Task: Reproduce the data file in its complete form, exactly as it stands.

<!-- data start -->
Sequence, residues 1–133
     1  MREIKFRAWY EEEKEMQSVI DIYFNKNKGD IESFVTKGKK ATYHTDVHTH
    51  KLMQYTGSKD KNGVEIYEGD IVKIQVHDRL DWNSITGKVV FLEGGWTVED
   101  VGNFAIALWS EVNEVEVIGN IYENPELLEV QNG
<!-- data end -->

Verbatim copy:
Sequence, residues 1–133
     1  MREIKFRAWY EEEKEMQSVI DIYFNKNKGD IESFVTKGKK ATYHTDVHTH
    51  KLMQYTGSKD KNGVEIYEGD IVKIQVHDRL DWNSITGKVV FLEGGWTVED
   101  VGNFAIALWS EVNEVEVIGN IYENPELLEV QNG